The first Speaker’s Roundtable of the 12th Parliament will focus on the role of counties in the implementation of the big four agenda.
President Uhuru Kenyatta's final term project concerns universal healthcare, food security, affordable housing and manufacturing.
The Kenya Private Sector Alliance (Kepsa) and the Senate will begin their discussions on Friday at Leisure Lodge Beach Resort in Ukunda, Kwale County.
Kepsa organises the meetings annually and uses them to lobby parliament to support businesses.
Ms Carole Kariuki, the Chief Executive Officer of Kepsa, pointed out that with devolution, Kepsa identified counties as the most important administrative units where business is concerned.
"The Senate plays an important role in ensuring they become the frontiers of economic development and progress," she said.
“We can count many achievements from the time we began these engagements with the Senate, chief of which is that we have a clear understanding of the way our institutions work."
The Senate’s first Speaker’s Roundtable was held in October 2013, setting the pace for the forums in which Kepsa and the lawmakers discuss devolution, ease of doing business and a conducive legislative environment.
The National Assembly held a similar meeting a month ago.
Senate Speaker Kenneth Lusaka described the inaugural meeting as a testament to the significance of the relationship between Kepsa and the House.
“This year’s roundtable is crucial as it provides a unique opportunity to reflect on milestones reached under the 11th Parliament, take stock of where we are and accelerate the attainment of sustainable development,” said Mr Lusaka.
He noted that given that three of the big four are primarily functions of devolved units, it is crucial for the Senate to be involved in developing the public-private partnerships (PPPs) that will make their implementation possible.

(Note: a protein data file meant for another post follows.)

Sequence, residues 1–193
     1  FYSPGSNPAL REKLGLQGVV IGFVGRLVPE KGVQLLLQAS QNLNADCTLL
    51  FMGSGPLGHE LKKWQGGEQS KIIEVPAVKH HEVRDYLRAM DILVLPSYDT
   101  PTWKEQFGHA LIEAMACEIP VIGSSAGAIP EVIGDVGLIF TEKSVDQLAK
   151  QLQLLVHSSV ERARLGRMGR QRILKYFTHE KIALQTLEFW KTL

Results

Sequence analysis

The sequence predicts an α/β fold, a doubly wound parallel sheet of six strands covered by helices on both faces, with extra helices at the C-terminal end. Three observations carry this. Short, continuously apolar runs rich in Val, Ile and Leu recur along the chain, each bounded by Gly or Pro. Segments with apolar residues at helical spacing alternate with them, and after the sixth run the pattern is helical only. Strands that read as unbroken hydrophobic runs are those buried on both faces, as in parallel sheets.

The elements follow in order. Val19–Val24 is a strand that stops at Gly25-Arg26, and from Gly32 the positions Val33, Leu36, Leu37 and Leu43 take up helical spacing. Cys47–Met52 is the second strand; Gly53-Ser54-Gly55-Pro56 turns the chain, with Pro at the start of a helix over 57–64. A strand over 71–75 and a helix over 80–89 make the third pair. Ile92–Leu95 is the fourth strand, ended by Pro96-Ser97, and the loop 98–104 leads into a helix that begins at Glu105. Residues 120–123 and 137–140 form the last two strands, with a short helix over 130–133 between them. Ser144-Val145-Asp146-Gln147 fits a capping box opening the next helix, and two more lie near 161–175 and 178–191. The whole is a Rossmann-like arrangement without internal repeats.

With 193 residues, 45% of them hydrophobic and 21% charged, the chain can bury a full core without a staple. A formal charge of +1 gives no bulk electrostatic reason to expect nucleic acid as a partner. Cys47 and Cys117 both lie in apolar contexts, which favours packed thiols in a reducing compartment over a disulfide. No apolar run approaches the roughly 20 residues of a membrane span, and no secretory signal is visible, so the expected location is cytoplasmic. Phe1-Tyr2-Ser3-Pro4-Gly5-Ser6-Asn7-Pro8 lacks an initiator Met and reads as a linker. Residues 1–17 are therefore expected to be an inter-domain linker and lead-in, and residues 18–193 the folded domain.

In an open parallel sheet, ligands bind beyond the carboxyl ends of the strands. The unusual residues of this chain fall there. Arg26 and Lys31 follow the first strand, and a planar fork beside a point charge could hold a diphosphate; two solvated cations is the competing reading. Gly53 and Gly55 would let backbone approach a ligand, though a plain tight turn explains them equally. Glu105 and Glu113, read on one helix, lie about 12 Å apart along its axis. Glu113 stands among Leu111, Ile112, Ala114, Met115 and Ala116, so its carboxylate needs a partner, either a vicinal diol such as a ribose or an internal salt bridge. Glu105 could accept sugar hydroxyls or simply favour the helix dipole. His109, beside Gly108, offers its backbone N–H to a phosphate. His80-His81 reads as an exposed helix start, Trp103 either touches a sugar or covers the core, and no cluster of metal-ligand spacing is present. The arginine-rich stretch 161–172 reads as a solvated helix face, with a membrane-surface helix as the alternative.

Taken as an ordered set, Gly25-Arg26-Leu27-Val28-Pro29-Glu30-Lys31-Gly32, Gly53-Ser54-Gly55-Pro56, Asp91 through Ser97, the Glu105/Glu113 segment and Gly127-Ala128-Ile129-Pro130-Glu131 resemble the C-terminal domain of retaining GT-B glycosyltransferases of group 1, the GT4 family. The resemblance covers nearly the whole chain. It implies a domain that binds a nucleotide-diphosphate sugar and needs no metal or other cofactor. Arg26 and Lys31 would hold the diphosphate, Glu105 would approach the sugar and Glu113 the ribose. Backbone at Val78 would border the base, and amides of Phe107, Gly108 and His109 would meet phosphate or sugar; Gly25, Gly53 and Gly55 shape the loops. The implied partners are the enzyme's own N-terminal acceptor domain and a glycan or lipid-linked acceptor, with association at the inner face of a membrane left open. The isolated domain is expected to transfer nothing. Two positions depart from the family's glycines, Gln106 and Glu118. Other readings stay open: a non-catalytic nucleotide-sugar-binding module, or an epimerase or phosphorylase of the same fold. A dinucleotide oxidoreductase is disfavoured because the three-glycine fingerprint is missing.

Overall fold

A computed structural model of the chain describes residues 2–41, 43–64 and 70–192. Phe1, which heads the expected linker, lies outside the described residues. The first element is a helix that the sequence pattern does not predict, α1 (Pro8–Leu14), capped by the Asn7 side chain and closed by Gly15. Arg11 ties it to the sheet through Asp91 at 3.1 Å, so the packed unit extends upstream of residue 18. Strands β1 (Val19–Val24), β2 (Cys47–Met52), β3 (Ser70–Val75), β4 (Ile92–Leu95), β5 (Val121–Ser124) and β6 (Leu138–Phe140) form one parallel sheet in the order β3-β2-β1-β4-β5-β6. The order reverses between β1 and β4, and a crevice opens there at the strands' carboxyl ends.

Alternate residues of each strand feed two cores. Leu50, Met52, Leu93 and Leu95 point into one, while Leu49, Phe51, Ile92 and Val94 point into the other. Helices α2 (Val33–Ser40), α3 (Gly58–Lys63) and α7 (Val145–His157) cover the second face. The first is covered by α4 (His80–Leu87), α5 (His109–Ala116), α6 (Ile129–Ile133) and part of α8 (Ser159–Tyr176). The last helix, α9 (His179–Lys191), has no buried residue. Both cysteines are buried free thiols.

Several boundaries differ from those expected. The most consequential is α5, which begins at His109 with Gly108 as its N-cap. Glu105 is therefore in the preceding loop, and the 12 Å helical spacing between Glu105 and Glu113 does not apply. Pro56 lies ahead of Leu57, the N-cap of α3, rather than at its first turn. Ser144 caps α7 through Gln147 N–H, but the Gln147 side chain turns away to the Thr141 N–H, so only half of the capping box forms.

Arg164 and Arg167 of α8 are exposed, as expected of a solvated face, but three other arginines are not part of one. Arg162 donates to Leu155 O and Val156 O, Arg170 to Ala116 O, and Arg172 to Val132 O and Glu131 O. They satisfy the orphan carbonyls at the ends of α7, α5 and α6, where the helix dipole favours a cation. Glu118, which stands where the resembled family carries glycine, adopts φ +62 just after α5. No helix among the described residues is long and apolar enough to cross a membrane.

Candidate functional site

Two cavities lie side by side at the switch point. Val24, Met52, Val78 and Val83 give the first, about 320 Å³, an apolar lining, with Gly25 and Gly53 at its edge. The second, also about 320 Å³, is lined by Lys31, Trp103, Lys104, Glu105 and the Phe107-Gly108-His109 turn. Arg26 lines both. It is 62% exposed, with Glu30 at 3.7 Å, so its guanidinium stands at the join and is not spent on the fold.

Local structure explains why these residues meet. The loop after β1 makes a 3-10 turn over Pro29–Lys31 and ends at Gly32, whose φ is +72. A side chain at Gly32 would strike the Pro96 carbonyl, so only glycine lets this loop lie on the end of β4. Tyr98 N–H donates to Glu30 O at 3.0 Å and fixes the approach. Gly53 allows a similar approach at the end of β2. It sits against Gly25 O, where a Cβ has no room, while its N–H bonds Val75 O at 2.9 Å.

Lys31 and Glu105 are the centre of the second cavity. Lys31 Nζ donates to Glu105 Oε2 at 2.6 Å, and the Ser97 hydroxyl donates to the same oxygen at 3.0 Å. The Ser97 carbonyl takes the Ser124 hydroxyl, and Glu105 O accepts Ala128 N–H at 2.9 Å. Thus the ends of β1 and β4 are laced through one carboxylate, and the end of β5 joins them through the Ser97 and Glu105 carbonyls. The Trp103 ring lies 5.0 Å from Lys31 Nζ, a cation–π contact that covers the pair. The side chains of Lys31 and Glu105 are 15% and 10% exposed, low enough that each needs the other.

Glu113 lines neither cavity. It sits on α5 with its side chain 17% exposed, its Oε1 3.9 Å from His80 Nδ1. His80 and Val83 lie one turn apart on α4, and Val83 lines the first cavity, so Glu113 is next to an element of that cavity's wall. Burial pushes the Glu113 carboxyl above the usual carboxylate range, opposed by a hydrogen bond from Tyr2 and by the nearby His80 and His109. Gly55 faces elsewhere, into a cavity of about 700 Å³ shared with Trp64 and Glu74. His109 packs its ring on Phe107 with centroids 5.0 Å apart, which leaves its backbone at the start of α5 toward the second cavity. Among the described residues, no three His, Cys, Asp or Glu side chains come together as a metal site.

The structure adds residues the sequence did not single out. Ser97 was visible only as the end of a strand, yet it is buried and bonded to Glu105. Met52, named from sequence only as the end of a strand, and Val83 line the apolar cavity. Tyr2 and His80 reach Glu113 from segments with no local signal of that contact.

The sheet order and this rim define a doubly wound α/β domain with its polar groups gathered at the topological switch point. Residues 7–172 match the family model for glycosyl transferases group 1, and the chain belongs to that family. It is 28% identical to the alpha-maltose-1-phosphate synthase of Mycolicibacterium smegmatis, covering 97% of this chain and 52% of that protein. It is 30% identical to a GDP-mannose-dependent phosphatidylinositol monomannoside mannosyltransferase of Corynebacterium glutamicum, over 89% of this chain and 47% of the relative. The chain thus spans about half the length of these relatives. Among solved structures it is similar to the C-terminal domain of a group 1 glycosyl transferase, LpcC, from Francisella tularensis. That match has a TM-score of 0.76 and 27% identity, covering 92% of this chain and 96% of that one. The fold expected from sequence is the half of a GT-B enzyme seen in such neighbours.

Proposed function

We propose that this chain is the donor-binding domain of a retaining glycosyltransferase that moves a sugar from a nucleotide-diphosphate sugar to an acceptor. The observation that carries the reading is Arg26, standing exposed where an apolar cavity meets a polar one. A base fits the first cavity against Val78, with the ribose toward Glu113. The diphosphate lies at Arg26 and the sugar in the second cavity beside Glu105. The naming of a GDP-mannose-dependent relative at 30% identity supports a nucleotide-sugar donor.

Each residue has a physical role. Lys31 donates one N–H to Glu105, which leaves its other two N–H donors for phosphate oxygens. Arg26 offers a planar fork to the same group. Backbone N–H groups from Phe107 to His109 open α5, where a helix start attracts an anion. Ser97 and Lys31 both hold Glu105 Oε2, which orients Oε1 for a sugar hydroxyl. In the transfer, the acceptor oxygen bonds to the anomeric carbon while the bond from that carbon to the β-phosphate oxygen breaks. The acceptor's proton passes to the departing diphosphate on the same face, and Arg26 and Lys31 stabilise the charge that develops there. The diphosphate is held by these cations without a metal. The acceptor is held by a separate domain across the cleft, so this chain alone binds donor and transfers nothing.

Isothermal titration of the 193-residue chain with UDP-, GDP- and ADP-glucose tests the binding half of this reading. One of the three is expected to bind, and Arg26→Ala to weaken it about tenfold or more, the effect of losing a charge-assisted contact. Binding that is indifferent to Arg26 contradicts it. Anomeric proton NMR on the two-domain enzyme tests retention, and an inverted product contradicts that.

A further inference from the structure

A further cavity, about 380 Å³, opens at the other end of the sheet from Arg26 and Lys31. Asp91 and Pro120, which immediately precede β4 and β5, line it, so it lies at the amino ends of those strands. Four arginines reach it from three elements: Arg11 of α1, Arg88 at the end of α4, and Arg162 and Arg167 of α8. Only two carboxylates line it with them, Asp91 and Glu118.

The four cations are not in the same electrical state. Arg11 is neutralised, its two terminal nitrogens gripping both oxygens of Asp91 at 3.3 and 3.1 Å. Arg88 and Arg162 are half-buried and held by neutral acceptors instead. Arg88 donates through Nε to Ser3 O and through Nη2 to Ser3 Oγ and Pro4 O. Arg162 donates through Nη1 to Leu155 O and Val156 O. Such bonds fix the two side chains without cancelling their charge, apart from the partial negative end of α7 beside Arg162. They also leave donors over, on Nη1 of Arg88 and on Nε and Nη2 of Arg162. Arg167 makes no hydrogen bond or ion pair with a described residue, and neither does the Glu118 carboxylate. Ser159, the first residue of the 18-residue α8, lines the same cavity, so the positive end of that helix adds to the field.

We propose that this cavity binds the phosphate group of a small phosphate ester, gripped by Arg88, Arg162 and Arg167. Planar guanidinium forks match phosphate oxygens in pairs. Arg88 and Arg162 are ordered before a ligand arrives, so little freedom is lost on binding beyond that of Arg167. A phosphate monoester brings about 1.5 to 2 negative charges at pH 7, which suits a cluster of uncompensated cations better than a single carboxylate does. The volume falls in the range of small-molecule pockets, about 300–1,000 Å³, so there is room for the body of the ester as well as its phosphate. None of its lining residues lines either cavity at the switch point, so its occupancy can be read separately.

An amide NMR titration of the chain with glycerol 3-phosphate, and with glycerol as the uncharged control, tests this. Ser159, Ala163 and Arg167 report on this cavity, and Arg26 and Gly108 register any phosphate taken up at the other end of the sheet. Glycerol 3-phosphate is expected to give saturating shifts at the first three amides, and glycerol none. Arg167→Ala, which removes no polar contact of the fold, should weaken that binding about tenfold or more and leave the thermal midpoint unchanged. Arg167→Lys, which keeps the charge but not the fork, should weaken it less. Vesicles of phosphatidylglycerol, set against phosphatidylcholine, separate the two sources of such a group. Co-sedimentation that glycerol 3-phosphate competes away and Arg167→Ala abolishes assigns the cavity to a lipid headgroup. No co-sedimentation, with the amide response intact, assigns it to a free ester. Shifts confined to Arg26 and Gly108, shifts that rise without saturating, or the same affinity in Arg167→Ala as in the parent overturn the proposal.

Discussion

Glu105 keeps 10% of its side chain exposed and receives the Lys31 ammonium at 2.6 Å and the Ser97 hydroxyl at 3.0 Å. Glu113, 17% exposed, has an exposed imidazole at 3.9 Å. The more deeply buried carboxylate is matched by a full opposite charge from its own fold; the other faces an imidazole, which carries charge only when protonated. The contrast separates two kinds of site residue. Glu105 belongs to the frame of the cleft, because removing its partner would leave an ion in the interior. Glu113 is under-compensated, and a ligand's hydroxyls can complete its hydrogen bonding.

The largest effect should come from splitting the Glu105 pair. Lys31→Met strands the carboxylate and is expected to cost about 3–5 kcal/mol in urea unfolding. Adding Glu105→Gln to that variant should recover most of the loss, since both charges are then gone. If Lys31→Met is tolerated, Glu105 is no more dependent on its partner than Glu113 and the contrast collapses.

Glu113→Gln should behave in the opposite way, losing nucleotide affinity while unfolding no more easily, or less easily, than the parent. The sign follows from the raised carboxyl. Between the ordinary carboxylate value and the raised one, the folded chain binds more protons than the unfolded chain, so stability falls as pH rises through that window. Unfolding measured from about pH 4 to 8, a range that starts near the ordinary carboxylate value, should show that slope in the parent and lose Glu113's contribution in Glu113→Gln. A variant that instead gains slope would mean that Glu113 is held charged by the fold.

The speaker further noted that the private sector is a critical engine for sustainable economic growth and development
“We are alive to the benefits that foreign direct investments have on our economy but remain committed to seeing our private sector flourish, creating employment, improving quality and lowering the cost of goods and services, and providing a reliable income stream for the government through taxes,” he said.
Kepsa, which is pushing for the reduction of the cost of doing business within and across counties, has identified what is required.
They are the provision of land at a good cost to investors, critical infrastructure, simplification of the process of property registration, transfer and acquisition of construction approvals, supporting innovative local building technologies and lowering the cost of construction materials.
This year’s roundtable comes as Kenyans discuss sustainable economic growth, revenue generation, debt management, effective taxation and governance.
Kepsa seeks to establish a mechanism for coordination between the legislature and the private sector on the quick wins that can help in the implementation of the president's agenda.